The reason that the oscilloscope that we know today exists is the invention of the cathode ray tube. These tubes are instrumental in the scopes. Braun invented the scope, almost as a curiosity as much as a tool. Two years after the invention, Jonathan Zenneck added beam-forming plates to the tube and utilized a magnetic field along with it for “sweeping the trace”. Within a decade or two, the devices became much more common in the lab. The only problem was that the cathode emitters and the vacuum were not as stable as many would have liked. Of course, over the years, as technology advanced, they became much better.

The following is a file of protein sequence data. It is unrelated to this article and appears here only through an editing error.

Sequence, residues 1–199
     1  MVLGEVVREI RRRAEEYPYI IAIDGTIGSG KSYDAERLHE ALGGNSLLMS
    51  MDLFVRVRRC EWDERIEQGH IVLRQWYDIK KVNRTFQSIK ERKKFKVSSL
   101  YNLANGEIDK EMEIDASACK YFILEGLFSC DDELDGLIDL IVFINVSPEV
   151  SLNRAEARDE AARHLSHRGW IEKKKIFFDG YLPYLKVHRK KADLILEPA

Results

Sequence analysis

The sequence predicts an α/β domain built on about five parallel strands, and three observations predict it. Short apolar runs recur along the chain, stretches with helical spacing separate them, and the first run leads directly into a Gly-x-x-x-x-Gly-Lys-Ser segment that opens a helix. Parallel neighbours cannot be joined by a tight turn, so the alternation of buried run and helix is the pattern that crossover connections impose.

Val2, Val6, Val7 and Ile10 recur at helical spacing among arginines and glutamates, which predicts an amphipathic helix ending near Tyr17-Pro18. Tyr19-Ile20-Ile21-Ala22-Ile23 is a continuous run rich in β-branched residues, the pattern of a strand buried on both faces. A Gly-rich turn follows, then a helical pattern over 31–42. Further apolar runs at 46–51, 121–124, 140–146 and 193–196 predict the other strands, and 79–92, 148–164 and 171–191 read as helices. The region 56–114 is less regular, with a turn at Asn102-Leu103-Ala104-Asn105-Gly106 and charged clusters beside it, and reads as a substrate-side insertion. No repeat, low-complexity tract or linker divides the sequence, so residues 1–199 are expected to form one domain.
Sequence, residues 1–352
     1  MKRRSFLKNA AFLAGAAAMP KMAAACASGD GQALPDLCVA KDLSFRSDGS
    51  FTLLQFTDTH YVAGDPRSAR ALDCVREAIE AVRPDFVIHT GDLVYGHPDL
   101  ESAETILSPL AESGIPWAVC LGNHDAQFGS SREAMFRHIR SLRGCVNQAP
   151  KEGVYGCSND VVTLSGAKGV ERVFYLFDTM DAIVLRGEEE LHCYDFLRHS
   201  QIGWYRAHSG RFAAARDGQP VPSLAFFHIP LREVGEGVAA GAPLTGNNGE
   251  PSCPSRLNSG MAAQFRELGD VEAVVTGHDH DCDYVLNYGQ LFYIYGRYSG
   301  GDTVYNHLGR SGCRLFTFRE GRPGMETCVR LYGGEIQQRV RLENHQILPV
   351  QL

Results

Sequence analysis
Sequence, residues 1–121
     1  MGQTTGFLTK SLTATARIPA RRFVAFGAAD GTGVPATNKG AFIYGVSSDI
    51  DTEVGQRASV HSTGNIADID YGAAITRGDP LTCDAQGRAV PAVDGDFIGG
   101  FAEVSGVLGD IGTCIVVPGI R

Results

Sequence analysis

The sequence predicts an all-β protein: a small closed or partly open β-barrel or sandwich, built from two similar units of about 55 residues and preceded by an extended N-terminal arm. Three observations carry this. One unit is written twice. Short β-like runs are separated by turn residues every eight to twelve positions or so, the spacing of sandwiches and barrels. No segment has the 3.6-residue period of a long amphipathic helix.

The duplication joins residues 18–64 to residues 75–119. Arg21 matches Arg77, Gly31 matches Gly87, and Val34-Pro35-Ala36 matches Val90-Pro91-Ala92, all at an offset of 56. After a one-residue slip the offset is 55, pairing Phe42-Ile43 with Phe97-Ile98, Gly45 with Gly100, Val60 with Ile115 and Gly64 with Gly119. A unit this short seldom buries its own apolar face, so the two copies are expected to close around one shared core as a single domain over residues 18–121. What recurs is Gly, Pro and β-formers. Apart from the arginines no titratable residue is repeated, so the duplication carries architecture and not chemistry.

An interesting piece of the history of the oscilloscope is that it was once quite common to see them as props in television and in the movies. They were stand-ins that represented scientific equipment in the lab. It was actually quite common to see them in the 1950s and 1960s. The old television show The Outer Limits actually made use of the device in their opening credits.